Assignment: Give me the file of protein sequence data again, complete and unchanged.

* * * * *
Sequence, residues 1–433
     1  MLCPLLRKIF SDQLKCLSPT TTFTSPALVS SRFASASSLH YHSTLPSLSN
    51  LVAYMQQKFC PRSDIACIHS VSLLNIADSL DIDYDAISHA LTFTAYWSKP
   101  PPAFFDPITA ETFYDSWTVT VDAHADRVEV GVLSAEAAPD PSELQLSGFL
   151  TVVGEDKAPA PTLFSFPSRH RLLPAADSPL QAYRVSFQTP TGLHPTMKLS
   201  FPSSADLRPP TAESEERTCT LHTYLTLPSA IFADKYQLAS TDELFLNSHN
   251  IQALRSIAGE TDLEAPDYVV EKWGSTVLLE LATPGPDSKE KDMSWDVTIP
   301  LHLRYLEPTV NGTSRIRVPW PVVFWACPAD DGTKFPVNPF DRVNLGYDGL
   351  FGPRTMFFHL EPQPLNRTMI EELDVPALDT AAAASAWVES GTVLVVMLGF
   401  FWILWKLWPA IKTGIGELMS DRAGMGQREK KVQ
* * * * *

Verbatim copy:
Sequence, residues 1–433
     1  MLCPLLRKIF SDQLKCLSPT TTFTSPALVS SRFASASSLH YHSTLPSLSN
    51  LVAYMQQKFC PRSDIACIHS VSLLNIADSL DIDYDAISHA LTFTAYWSKP
   101  PPAFFDPITA ETFYDSWTVT VDAHADRVEV GVLSAEAAPD PSELQLSGFL
   151  TVVGEDKAPA PTLFSFPSRH RLLPAADSPL QAYRVSFQTP TGLHPTMKLS
   201  FPSSADLRPP TAESEERTCT LHTYLTLPSA IFADKYQLAS TDELFLNSHN
   251  IQALRSIAGE TDLEAPDYVV EKWGSTVLLE LATPGPDSKE KDMSWDVTIP
   301  LHLRYLEPTV NGTSRIRVPW PVVFWACPAD DGTKFPVNPF DRVNLGYDGL
   351  FGPRTMFFHL EPQPLNRTMI EELDVPALDT AAAASAWVES GTVLVVMLGF
   401  FWILWKLWPA IKTGIGELMS DRAGMGQREK KVQ